Health & Safety: Wilshaw, Assaults, Water Hygiene
Stress Free Zone
Sir Michael Wilshaw, the current Grand Inquisitor of Ofsted, has announced that there's no stress in teaching. So that's alright then! It will, however, come as a great surprise to the growing army of excellent teachers who have had their lives and careers wrecked by this apparently imaginary malaise.
Wilshaw went on to suggest that teachers who suffer from stress are using it as an excuse for poor performance. I would suggest that, on the contrary, only teachers who care deeply and are striving to do their absolute best are likely to suffer from stress. If you don't care, how can you be stressed?
Wilshaw has demonstrated his complete lack of understanding of the situation that many teachers find themselves in and his attitude can only add to their distress. He shows a disrespect for the profession that is unacceptable and he has made his continued employment by Ofsted untenable.
Assaults on Teachers
Figures from the HSE show that teachers are twice as likely to be assaulted at work than the average for employees in other jobs. This is clearly unacceptable.
There has often been a feeling amongst teachers that they have less protection in law than other people at work. Leicester NUT has been in contact with the police and they have assured us that this is not the case. To quote their reply: 'Both the CPS and Police agree that an offence of assault against a school member of staff acting in their professional capacity would possibly be considered as more serious (than an assault in other circumstances) and this would be raised in Court.â€ A representative from the local authority legal services team has said that: Legal Services would expect incidents of assault to be reported to the police and would be concerned if the police were not involved.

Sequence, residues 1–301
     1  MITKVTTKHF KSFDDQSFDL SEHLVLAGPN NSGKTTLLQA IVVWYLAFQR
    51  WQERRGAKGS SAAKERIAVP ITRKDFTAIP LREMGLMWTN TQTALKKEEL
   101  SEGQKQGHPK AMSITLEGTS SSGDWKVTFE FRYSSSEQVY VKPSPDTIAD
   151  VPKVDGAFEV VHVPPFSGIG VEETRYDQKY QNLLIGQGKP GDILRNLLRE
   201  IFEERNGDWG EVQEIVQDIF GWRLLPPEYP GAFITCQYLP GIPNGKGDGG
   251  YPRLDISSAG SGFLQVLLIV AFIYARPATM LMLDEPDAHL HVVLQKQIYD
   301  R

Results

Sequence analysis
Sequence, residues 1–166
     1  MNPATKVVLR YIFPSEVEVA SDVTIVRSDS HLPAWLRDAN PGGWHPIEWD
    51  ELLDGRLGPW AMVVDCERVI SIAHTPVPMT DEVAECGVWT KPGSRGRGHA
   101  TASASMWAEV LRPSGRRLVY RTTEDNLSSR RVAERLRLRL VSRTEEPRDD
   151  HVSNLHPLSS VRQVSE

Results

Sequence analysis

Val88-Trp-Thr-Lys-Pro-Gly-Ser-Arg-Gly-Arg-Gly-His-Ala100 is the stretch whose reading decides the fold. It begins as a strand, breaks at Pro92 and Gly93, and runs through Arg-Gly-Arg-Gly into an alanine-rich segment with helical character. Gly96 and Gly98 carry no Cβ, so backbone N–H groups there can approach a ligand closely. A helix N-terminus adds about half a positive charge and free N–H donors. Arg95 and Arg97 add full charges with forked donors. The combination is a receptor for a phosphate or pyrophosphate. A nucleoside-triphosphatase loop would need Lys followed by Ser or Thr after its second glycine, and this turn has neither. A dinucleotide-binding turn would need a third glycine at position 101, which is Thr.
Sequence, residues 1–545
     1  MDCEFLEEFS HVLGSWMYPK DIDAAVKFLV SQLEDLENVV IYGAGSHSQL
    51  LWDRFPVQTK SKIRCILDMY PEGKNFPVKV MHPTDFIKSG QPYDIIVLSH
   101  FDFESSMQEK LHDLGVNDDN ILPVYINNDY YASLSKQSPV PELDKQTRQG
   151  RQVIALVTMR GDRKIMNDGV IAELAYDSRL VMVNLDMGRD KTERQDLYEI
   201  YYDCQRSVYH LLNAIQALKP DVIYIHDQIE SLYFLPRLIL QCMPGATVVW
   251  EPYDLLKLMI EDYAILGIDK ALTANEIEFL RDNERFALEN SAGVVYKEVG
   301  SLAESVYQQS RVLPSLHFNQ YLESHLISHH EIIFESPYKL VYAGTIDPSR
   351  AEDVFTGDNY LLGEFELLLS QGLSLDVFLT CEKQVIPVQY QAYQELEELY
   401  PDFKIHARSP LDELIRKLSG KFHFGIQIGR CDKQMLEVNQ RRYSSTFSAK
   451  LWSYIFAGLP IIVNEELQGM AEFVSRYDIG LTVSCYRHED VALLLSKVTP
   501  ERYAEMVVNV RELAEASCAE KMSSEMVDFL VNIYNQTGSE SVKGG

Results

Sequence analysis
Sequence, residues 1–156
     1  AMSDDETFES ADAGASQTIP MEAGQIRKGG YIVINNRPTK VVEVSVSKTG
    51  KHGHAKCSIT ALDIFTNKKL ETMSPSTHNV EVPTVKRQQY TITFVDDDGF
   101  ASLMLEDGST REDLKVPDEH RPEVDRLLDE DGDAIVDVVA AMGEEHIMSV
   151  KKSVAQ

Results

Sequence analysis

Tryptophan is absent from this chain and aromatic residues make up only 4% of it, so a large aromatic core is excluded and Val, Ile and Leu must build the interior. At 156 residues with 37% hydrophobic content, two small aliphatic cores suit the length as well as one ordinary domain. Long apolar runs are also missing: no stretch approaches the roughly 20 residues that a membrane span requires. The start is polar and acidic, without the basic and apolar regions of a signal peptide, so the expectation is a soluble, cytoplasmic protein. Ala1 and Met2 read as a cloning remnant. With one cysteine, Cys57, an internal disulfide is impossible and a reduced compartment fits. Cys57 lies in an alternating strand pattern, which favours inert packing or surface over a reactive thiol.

It is really important for teachers to report all instances of physical and verbal assaults to the authority, using the SO2 forms, and where appropriate to the police.
DFE H&S Advice to Schools
The DFE has issued revised H&S guidance to schools. Although this is more substantial than was originally anticipated, it is still greatly reduced from previous advice. The view of the LA is that in many respects it is poor and even inaccurate. All current LA policies and guidance remain in place.
It may come as a surprise, but the water supply may well be the most dangerous thing in most schools. Stagnant water in pipes and storage tanks can be a breeding ground for the legionella bacterium that can cause the potentially fatal Legionnaires' disease. For this reason the authority require schools to test their water supplies monthly, to check that all the water taps run at the correct temperature.
Occasionally schools think that it's not important to carry out these tests during the summer holiday when the water supply is not being used. This is completely wrong as the long summer break is exactly the time when legionella is most likely to reproduce and cause problems because the water does not get flushed through the system and the (hopefully!) warm weather encourages growth.
School H&S reps are entitled to check records to make sure that this has been carried out properly and are encouraged to do so.
School Safety Reps are being asked to complete the 9th annual TUC survey of safety reps. This can be found at:
The TUC and its affiliated unions need this information so that they can do more to help Safety Reps and make sure that their views and experiences are better reflected in public policy debates and in the work of the Health & Safety Commission. The information will not be passed to any third party.